Tuesday, May 8, 2018

Mexico supports its 'migrant heroes' in the U.S., but ignores them when they get deported back

Los Angeles Times
Each month this year, the United States has deported 15,000 migrants to Mexico. They join some 2.5 million others who have returned over the past decade — some forced to leave by deportation orders, others by economic and political conditions.
Back in the country of their birth, however, they face discrimination and exclusion anew. Nancy Landa, a young woman living in Tijuana after being deported in 2009, put it plainly when she made her story public: "Sometimes I feel that I have been more accepted in the U.S. even as undocumented, than how I have been accepted here as a Mexican national."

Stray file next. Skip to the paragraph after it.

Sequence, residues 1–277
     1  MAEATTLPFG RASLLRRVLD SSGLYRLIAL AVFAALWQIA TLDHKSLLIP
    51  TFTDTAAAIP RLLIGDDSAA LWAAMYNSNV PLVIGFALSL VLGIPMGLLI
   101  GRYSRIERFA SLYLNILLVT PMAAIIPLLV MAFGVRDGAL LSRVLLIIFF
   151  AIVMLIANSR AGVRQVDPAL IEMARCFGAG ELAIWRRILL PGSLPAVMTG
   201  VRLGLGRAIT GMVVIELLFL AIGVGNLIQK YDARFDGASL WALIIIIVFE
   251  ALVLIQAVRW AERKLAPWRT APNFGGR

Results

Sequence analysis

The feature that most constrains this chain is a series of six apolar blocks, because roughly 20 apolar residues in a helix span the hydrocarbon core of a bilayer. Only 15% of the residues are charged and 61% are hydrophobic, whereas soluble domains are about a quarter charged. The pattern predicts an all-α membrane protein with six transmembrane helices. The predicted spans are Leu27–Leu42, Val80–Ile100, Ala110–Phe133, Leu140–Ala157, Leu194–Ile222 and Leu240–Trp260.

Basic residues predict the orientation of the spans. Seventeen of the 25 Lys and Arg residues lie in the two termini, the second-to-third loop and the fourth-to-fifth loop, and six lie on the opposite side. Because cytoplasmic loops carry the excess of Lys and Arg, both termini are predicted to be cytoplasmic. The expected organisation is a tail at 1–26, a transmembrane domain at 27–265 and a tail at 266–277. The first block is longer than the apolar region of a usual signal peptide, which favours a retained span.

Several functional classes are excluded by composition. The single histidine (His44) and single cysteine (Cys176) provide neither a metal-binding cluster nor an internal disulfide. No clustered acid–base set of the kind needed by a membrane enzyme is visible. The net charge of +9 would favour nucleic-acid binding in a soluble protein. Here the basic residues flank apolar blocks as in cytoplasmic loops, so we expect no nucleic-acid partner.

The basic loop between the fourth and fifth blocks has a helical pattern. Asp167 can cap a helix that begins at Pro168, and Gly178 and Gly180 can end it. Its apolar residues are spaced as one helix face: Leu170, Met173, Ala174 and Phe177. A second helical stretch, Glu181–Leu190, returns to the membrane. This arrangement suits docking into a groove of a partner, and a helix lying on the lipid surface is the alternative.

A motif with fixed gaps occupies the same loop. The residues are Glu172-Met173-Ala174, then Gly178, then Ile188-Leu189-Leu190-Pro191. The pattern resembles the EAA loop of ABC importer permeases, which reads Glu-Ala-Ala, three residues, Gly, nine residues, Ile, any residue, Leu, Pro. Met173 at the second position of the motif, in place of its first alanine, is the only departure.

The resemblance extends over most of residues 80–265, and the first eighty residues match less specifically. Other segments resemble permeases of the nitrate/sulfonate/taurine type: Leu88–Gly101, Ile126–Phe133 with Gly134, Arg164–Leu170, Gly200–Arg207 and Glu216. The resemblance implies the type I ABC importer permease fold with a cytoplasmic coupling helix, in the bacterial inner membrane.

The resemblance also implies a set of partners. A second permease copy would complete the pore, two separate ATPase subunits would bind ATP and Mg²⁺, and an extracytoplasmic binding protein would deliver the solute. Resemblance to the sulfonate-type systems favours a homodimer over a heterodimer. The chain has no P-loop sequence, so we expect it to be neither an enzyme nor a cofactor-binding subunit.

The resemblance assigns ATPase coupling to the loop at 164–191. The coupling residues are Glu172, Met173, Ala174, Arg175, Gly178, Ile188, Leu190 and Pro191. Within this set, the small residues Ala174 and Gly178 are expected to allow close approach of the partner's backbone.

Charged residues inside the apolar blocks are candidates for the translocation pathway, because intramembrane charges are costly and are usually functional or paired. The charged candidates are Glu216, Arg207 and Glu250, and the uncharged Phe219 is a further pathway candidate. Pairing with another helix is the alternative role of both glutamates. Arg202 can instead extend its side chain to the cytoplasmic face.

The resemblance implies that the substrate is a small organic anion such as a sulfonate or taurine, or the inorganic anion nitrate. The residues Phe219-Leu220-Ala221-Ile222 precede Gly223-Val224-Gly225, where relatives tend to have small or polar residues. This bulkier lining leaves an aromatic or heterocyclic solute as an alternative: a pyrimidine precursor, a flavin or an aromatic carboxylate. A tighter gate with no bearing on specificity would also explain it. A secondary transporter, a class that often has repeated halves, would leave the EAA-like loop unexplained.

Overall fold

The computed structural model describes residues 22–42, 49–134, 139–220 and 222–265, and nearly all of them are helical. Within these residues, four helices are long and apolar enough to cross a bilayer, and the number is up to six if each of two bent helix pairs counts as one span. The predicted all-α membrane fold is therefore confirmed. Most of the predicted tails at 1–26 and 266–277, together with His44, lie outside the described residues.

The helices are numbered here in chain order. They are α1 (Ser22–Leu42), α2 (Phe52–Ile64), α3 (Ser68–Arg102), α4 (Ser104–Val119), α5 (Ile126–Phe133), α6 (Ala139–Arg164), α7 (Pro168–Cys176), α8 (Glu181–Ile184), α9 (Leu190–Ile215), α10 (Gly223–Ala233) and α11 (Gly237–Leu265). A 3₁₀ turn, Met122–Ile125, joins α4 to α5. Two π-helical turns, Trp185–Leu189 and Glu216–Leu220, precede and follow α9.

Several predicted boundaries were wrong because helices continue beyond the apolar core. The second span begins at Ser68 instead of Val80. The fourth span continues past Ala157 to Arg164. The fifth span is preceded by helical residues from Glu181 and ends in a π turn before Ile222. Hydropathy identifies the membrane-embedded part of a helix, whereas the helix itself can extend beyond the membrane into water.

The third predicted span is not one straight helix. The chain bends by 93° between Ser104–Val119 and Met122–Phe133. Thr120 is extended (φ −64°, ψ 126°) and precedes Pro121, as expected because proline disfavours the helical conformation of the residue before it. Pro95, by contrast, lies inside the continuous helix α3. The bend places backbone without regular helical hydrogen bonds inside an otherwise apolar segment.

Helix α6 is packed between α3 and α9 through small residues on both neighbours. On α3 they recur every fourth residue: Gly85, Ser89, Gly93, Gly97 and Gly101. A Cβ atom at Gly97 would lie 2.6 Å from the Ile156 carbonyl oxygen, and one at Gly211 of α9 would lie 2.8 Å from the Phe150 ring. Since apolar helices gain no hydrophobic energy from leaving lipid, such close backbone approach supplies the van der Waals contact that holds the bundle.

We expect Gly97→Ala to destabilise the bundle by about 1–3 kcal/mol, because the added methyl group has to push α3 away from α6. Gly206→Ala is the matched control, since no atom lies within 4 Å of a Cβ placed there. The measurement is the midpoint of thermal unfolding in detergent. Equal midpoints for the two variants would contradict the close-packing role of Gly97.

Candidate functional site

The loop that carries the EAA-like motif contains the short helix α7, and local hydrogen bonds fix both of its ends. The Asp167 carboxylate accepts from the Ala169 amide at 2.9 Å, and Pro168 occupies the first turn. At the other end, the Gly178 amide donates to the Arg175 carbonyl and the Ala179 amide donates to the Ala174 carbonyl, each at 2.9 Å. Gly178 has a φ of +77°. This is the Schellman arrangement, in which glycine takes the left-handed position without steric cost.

The Mexican government makes bold promises to protect the rights and dignity of its citizens abroad, and its 50 consulates in the United States provide documents and legal guidance, as well as health, education, English language and even naturalization services. But that attentiveness does not extend to the Mexican side of the border. Deportees and returnees are no longer treated as "migrant heroes" — as Mexican politicians often refer to them — when they arrive at repatriation centers: All they get in terms of government support is a phone call, a repatriation certificate and a bus ticket.
Read the rest of the story HERE.

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